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Think of a joke. Any joke. If you can’t think of a joke, google ‘joke’. Now, write a ten- minute long joke with no punchline. Use all the sensory detail you recall or found in the joke, but don’t be funny. This is not a joke.

 

By Jodi Ann Korte

Three men walk into a bar
Inequality is not a joke
Keep your prejudiced assignments to yourself
Imagine whomever you want
Not by nationality, ethnicity, religion, age nor gender.
Three people walk into a bar
I see One
Blue jeans, truly blue, blue and white plaid check flannel
White undershirt stretched collar, ironed anyway.
Slightly scuffed, low-rise blue check/off-white check Vans
That maybe were once bright white, but maybe not,
an old swatch watch, worn baseball cap, part
truly retro, partly purchased with new money, old things
shuffles to the bar, only halfway perched, uncommitted
I see Two
Blue jeans with real life stories, bent and creased, caught
On more than one nail, snagged, still servient blue collar 
Blue cotton tucked-in buttoned-up, doesn’t do much to
Hide scoring skin marks or the stance of pride
Strangely shiny off-brown loafers, not-so-shiny off-brown belt 
Firmly takes a seat, nervous bouncing knees
Offset by a pair of silly socks.
I see Three
Chinos, tan, loose fitted cool corporate casual, 
More beige, three-quarter sleeves, red trim
Pushed up over getting-down-to-business elbows
Pocketing hands shoving contents back in, silently 
Explaining that hip-hanging cellphone holder, 
Leans in still standing, pull-out rung placemen
Announcing silver-laced shoes.

Time to recognize what we don’t know -
Missing identifiers give us room to grow.

This is Not a Joke
By Carmen Moyer

This is not a joke
I don’t know how to gauge time
Or how to measure it in lines

How many minutes are inside a verse?
Where are my lines?
Are there too many words?

No, no, seems there are too few – a paucity, really
Like kindness … never enough

HOW LONG IS THIS SUPPOSED TO TAKE?

Ten minutes: not onetwothreefourfivesixseveneightnine.

Ten minutes is chopping an onion, shaving, brushing teeth or vacuuming a small room.
Ten minutes to read a poem – are you joking?

I feel linear. Perhaps I should lie down.

Trying to write
a ten-minute poem

Is just

Too

Exhausting.

HUSH
by LK

God and Satan walk into a bar.
It’s April.
God says something funny
about the cruelest month, how
April, actually, is just
one of a dozen of them.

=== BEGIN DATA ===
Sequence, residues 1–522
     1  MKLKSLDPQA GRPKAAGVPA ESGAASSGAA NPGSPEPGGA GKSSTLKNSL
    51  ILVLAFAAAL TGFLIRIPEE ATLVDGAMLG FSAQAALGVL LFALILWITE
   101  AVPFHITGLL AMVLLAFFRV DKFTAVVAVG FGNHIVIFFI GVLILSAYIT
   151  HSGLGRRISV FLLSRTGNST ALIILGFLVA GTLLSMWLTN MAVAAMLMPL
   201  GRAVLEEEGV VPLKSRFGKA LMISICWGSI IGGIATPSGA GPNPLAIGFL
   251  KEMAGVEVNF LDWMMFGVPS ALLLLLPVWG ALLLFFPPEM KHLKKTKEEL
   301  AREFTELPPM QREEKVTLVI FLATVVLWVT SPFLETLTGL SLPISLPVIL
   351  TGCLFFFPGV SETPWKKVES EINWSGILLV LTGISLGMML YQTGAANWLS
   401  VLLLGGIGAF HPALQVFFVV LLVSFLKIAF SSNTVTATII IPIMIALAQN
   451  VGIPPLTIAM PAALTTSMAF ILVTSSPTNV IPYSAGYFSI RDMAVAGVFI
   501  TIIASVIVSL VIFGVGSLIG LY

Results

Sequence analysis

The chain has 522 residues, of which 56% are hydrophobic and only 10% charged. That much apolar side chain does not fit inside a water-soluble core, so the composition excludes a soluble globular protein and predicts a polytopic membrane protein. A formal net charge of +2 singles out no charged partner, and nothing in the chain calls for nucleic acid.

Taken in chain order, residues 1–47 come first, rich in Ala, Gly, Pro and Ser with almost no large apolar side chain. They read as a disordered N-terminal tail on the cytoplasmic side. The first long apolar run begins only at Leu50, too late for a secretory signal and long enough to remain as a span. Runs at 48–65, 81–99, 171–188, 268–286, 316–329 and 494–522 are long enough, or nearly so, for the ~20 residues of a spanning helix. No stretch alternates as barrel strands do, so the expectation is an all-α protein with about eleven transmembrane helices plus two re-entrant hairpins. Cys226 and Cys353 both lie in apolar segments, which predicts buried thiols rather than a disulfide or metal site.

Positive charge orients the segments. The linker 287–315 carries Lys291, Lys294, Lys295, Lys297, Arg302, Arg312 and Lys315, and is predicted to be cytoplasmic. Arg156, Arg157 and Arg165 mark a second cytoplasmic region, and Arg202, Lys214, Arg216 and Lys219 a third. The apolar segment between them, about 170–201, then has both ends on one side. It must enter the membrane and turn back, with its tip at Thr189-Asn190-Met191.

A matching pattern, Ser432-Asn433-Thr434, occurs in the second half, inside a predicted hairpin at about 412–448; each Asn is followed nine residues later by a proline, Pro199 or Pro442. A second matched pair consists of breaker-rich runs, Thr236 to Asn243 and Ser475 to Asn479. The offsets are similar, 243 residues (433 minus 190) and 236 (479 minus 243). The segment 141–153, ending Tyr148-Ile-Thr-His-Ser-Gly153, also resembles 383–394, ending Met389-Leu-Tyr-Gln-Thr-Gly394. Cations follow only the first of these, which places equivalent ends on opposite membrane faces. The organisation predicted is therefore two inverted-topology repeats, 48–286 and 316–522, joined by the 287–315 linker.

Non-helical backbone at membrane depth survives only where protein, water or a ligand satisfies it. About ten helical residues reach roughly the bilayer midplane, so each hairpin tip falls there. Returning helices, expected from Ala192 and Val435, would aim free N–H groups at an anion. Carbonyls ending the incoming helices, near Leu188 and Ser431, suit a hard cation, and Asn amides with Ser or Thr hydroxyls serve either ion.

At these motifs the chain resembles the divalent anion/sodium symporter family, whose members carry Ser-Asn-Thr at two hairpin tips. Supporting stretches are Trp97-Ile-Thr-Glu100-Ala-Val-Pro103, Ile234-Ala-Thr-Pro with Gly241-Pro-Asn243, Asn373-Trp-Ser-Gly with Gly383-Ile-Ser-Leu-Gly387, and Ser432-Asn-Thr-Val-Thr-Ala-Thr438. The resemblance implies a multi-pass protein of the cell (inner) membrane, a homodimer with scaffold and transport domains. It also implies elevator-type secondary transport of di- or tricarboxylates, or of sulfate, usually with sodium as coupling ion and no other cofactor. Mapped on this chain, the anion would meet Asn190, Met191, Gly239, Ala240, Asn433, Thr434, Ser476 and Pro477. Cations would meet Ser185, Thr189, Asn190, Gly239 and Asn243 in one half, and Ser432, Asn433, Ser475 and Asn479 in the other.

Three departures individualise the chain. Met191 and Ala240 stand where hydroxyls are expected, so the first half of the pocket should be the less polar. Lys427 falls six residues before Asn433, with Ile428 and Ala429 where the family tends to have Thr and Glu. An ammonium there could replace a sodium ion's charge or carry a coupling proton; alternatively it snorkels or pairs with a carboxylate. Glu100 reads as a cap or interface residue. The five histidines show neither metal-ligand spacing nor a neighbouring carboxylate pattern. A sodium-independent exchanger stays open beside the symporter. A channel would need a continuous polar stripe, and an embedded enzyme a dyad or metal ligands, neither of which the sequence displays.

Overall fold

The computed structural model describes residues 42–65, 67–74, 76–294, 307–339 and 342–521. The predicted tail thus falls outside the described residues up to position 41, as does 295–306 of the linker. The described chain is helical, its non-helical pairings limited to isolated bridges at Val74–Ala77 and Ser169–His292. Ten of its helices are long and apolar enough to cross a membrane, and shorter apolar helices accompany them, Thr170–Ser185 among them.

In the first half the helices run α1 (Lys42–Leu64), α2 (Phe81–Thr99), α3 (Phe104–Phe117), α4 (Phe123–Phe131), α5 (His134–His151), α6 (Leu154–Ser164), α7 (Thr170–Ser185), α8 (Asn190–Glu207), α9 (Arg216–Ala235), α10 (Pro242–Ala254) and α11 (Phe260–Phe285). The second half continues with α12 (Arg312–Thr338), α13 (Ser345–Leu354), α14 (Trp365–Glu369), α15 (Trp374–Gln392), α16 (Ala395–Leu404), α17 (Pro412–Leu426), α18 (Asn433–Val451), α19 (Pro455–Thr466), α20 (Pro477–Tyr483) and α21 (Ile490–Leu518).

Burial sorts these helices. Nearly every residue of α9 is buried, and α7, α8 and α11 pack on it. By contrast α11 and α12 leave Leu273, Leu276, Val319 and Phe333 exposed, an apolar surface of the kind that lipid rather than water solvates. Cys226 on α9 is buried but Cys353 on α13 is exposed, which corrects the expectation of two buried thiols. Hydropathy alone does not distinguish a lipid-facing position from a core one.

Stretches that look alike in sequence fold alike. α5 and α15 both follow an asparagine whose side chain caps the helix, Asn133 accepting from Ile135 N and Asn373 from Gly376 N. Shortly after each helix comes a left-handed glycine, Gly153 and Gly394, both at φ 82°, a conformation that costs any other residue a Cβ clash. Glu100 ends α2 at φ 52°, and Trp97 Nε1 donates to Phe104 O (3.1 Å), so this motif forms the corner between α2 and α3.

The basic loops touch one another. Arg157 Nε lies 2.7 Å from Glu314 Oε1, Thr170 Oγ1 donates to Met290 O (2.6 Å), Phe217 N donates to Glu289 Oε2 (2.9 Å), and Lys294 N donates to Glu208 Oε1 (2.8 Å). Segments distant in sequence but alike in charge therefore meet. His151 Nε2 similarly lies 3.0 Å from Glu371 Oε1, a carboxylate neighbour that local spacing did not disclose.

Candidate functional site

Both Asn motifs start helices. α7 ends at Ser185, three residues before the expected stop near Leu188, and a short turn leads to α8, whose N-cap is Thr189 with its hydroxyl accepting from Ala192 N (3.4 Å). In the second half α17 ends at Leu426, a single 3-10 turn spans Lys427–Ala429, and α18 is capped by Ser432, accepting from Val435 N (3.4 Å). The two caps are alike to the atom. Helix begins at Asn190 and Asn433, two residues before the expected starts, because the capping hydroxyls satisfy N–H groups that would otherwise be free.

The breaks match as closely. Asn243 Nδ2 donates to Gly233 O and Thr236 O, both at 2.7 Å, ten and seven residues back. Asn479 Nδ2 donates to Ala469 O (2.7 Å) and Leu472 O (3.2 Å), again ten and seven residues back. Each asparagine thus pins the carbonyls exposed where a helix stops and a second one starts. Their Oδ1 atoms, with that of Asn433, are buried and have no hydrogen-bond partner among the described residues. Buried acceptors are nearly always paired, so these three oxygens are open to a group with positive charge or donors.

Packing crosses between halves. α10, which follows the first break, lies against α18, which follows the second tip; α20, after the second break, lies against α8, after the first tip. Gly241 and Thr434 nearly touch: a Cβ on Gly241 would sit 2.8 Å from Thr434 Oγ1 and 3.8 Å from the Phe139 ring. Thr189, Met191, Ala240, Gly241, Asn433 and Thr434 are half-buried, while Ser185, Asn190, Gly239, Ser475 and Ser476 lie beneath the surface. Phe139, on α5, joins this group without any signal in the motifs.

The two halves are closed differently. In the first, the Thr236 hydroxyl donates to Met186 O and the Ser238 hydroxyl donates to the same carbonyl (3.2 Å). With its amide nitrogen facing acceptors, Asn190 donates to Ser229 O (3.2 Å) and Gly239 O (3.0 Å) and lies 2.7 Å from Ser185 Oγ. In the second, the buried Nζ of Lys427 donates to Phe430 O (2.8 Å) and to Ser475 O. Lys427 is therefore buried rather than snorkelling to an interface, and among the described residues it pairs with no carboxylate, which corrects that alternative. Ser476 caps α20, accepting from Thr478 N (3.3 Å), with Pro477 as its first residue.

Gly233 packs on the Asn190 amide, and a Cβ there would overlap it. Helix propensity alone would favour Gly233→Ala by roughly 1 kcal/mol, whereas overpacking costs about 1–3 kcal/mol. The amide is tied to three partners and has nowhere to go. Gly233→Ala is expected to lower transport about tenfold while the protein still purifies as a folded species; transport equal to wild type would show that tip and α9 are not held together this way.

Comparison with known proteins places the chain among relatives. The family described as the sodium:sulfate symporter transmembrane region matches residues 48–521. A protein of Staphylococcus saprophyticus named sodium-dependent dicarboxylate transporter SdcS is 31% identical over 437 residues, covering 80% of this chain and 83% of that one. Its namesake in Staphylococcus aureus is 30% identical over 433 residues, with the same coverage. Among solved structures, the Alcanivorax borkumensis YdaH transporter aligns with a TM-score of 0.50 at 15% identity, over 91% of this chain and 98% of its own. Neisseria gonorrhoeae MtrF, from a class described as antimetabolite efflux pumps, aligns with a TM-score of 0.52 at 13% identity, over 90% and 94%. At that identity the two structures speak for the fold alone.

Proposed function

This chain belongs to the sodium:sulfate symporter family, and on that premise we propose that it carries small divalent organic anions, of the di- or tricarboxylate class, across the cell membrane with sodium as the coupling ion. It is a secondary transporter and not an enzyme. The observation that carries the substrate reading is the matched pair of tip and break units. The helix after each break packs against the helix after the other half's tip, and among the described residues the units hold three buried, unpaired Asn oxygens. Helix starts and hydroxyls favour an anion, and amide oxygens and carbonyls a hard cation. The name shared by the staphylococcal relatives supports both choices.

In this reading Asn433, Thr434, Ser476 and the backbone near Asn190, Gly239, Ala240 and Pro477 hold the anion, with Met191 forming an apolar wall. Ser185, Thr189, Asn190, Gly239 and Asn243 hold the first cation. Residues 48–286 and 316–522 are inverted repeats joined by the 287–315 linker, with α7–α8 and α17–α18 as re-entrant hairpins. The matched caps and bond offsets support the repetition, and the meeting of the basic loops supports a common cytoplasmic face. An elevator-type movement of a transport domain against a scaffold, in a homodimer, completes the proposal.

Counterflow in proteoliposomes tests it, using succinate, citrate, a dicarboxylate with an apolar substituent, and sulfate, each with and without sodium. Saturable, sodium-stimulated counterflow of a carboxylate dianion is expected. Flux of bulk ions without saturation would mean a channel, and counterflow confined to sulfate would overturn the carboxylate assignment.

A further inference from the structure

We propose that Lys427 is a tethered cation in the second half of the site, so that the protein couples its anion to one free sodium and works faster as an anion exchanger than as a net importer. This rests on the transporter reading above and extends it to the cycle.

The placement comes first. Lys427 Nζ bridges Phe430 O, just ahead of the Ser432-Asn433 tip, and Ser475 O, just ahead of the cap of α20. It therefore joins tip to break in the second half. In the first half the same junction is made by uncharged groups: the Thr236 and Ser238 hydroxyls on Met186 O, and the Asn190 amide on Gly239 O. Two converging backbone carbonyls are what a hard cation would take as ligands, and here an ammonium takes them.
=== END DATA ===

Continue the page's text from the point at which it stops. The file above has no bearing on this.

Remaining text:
But Satan doesn’t laugh because
Satan knows the laugh would sound
like every one of the billions
of forests on Earth that will be razed
by the billions of bulldozers that have
patiently waited for the sound
of Satan’s laughter. And how, each

each one of those
bulldozers alone
would seem to be no less or more than the
whir of the wing of a hummingbird
if you heard from heaven.

But, in hell, Satan knows
too well, you might catch one of those, hold
it to your ear, and then
you’d hear the sound of the shattering of every
mirror in which ever gazed
upon your own reflection
and wondered
who you were
as you considered
all you could never be guilty of, but
have been.

So, before you judge this, try to imagine the hiss
and howl of all that flying glass.
Glance over at that backpack someone left
in the corner
where the jukebox used to be
before someone took a baseball bat to it.

Think, oh, just some forgetful student.
Or some drunk in a hurry to drive home—late
again, and the freeway’s closed down
because of the accident.

Satan knows the sound of Satan’s laughter
better than anyone else. How, if
you were at the center of that accident
you’d hear it. Even
if you’d just been a little closer to it
when it happened. Even if
it didn’t happen to you.

But, if you caused it.
What you’d hear then.

If you caused it, imagine. And then
imagine that you caused it and you
were the only one to emerge
from the wreckage
still alive.

Then you’d hear it. All of it. Then
you’d have to hold your hands to your ears
in April to drown out the shrieks of the crocuses, all
that horror as April begins
to stab them out of the graves in which
they’d planned to rest forever.

And the howl of Schrodinger’s cat when, after
you’ve finished this thought experiment—how
much more terrified and terrifying that would sound
if the cat had been dead in there all along, only
to realize it was, instead, alive
the whole time.

So, Satan walks into a bar with God.
It’s so damned bright.
But God is in a good mood—although
happy hour is over.

Satan looks around.
All these
windows, and
that backpack.
Satan knows.
That wasn’t left behind by accident.
A bomb’s
been tucked inside it, very
tenderly by someone
made of hate, who sang to it, hush, hush, little
bomb of mine:

Followed by the silence of children, who
fall asleep
before they die.

It’s been
packed with nails and razorblades and thumbtacks.
If it explodes, like Satan’s laughter.
What then?

If Satan laughed.
Which Satan won’t, even though
God’s still waiting, a little insulted, perhaps, but also
feeling the usual holiness, full as ever of forgiveness.

After all, this
is just Satan
we’re talking about, and it
was just one of a dozen jokes God could still tell .

No Kidding
(What I learned from my uncle’s online memorial service, April 1, 2021)

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Staring
By S. Atticus O.

Sometimes you know
When to close your notebook.
Sometimes she knows
When to close you.
Other times still,
You both sit still, staring.